Blackberry season has arrived. They can be collected between august and september. You will find them anywhere in the country or in your gardens if you let blackberry bushes grow within your hedges. But as these bushes have formidable thorns, you will rather find them on the sides of dirt paths in the country or in forests.
Cultivated blackberries are the fruit of the brumble – either black, red or white - from the Moraceae family, whereas wild blackberries come from a type of brumble called Rubus fruticosus, from the Rosacea family. Wild blackberries have several advantages: their sugar levels are lower than those of cultivated blackberries. They are also more flavoured and contain more fibres.
To collect them, it is best to wear old clothes with long sleeves in order to avoid thorn scratches. It is also advisable to pick the highest fruit, as they wouldn’t be soiled, and pick those who have ripened in the sun and taken a beautiful dark colour. They will detach themselves easily and will taste better. If possible, avoid collecting blackberries that grew on the side of cultivated fields because of pesticides.
Brumbles are useful for biodiversity
The Rubus family contains hundreds of species. They are honey-producing plants, bearing a lot of fruit and endowed with great adaptability as well as an ability to colonise spaces between country and forests rapidly. Learning to understand them is wiser than systematically looking to eliminate them.
If you have a vegetable garden or an orchard, a hedge of blackberry bushes nearby would be a great advantage as brumbles attract pollinating insects, birds and a fauna that would be useful for natural regulation.Their strong branches endowed with thorns create thick bushes allowing birds to nest inside safely.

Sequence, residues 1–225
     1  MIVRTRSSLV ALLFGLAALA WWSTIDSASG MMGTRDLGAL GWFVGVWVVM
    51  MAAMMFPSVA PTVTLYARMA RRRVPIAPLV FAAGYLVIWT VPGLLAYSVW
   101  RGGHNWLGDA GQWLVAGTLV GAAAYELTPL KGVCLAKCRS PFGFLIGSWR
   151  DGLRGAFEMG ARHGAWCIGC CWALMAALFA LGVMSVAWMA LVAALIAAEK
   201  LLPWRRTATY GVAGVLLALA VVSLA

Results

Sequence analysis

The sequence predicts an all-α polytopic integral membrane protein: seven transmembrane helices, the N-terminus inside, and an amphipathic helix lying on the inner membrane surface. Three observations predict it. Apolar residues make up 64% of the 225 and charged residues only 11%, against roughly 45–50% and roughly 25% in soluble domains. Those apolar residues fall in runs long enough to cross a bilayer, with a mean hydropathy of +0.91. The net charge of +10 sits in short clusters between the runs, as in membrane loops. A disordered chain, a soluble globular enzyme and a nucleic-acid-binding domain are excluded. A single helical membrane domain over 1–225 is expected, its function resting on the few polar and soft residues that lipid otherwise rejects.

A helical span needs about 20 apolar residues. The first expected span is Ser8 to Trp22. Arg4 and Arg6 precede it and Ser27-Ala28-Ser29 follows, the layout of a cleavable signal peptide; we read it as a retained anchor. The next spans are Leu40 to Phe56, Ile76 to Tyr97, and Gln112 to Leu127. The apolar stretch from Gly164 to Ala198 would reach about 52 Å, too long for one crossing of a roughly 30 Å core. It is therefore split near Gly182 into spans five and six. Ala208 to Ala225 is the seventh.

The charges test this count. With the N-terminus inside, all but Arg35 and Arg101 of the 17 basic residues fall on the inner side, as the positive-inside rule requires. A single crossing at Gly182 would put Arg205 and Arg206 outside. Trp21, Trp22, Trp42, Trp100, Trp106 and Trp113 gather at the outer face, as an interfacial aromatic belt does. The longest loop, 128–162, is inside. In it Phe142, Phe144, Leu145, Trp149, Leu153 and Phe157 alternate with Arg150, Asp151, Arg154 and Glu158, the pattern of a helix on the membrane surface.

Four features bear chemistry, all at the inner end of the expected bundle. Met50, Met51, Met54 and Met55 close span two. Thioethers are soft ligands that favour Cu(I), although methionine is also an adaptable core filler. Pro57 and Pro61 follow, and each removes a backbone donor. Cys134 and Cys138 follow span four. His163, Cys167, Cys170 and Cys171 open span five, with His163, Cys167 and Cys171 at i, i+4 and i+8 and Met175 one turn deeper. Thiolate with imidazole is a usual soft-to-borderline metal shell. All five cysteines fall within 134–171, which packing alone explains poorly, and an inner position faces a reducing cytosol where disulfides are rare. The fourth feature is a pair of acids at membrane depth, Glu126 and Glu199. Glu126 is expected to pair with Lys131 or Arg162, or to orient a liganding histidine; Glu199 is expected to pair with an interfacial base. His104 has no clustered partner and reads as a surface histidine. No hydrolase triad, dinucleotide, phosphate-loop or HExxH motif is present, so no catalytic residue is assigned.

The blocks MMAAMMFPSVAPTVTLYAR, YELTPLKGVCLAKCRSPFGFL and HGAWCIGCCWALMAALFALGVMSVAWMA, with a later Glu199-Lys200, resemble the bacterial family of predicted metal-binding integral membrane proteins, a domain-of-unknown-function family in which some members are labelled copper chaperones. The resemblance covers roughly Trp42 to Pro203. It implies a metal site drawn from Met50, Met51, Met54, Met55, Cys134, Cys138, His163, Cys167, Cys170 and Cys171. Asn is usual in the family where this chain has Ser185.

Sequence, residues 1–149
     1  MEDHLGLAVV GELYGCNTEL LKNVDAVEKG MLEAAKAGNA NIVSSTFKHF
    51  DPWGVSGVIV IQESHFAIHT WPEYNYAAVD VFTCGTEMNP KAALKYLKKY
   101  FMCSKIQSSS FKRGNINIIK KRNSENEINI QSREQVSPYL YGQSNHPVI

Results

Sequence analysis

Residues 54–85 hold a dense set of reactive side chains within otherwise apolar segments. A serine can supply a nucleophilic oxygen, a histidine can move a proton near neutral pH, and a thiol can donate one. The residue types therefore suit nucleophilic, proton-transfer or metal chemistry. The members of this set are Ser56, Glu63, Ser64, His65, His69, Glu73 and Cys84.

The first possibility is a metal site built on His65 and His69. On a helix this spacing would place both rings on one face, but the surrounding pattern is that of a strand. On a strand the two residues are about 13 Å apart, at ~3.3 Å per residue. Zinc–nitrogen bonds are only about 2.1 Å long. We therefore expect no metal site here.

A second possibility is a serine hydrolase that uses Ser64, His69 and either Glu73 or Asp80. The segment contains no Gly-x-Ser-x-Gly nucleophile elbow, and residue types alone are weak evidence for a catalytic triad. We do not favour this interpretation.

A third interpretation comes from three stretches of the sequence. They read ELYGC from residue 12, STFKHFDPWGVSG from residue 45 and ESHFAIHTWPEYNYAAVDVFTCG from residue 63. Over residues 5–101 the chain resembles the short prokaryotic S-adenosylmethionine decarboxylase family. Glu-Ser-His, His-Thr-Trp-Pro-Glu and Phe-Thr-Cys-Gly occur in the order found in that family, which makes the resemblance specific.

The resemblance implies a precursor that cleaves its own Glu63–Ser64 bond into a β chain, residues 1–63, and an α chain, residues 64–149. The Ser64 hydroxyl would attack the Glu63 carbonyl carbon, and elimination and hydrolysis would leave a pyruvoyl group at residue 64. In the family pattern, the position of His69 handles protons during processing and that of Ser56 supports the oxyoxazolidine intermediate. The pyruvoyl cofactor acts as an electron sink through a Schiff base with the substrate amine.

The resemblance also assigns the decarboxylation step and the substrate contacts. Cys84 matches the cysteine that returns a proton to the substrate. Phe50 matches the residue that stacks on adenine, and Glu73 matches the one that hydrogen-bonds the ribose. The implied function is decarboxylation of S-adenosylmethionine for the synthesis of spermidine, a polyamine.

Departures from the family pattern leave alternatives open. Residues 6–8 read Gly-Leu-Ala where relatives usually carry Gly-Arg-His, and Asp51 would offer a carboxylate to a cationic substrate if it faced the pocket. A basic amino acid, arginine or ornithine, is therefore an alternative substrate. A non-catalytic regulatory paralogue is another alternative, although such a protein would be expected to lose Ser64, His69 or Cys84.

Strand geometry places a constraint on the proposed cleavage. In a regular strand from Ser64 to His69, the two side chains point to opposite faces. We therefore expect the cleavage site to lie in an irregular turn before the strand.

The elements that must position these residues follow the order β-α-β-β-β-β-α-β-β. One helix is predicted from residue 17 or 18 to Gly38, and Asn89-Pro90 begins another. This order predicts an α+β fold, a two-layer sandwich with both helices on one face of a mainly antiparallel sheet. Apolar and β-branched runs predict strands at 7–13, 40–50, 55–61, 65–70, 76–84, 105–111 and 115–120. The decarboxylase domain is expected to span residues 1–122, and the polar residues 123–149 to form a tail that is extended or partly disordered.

Often situated at the edge of forests, blackberry bushes then create a protection, a habitat and a food supply for a great number of animals like deers, birds, foxes and many other small mammals. They also constitute an excellent windcheater.
The benefits of blackberries
Very rich in vitamin C, almost as much as oranges, but also in vitamin E and B9, iron, magnesium, calcium, and potassium, blackberries are the allies of tired or anaemic people.
Thanks to the antioxidants they contain, blackberries reinforce your immune system, protect your eyesight and maintain the acid-base balance of your organism.
Blackberries are also useful for their anti-inflammatory effect. They are beneficial to people with blood circulation problems as their skin contains flovonoids, which invigorate the walls of blood vessels. In short, they represent a good and natural way of preventing cardiovascular diseases!
Regarding digestion, wild blackberries are very rich in fibres and therefore favour digestive transit as well as improve intestinal microbiota.
How to savour blackberries
Blackberries can be eaten raw in fruit salads, with yoghurts, cream, or sugar. Their woody flavour will do wonders with custard. You may also cook them and prepare delicious jams or jellies, pies or crumbles. Blackberry tart is a very fortifying snack for tired people.